Looking Out The Window

If I could take a single snapshot of myself as a child, it would be of me as a little girl looking out the window watching the children play.  A child wishing to join in, but too afraid to step outside and ask “can I play?” Maybe if she had asked, they would have let her join in the circle.  But repeatedly being a victim of bullying, she didn’t dare risk rejection. She maintained her distance on the sidelines where she felt safe.


She compensated the loneliness with retreating into a world of make-believe where she could be anybody she wanted to be.  She made up a cast of characters who let her join their circle. In this world, she got to take part and play the starring role. The little girl knew it was a world of her own imagination.  And when she invariably got caught acting strange, pacing back and forth, talking to herself, she’d bear the brunt of the heckling.  No matter the fingerpointing, she’d retreat to that imaginary world where she was somebody.


I am on the autism spectrum and was only self-diagnosed almost three years ago at the age of 58. My diagnosis was a gift I shall treasure for the rest of my days.  I know now what’s behind how I think, feel, and act. Before the diagnosis, it was like walking in pitch black darkness. The diagnosis was the light bulb.   

It was largely through working as a substitute teaching assistant that I came to the realization of being autistic.  Sometimes I would cross paths with a child who reminded me of the little girl looking out the window.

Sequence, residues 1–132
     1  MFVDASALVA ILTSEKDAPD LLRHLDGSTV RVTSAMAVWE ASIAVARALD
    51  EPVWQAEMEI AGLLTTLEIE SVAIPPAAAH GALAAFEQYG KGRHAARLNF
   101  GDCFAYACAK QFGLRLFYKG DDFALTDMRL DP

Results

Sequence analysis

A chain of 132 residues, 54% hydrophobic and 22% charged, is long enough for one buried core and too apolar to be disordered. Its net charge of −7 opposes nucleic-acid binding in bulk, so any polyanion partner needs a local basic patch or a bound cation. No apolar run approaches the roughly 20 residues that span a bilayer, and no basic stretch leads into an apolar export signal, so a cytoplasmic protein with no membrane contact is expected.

One of those times occurred in an elementary school gym while subbing for a P.E. aide.  I was watching the children play in stations, each section being a different game. I noticed a third-grade boy who was  standing next to me. I asked him why wasn’t he at one of the stations and he shrugged his shoulders. I asked him, “How about basketball or tether ball, or jump rope, or hula-hoop?”  He nodded “no” at all my suggestions. I asked him what he liked to do. He said, “EAT!” I could not keep a straight face.


This youngster was tugging at my heart strings.  I knew what it was to just watch the other kids play.  Instead of pushing him to shoot baskets or jump rope, I asked him if he’d like to take a walk with me.  He agreed to that.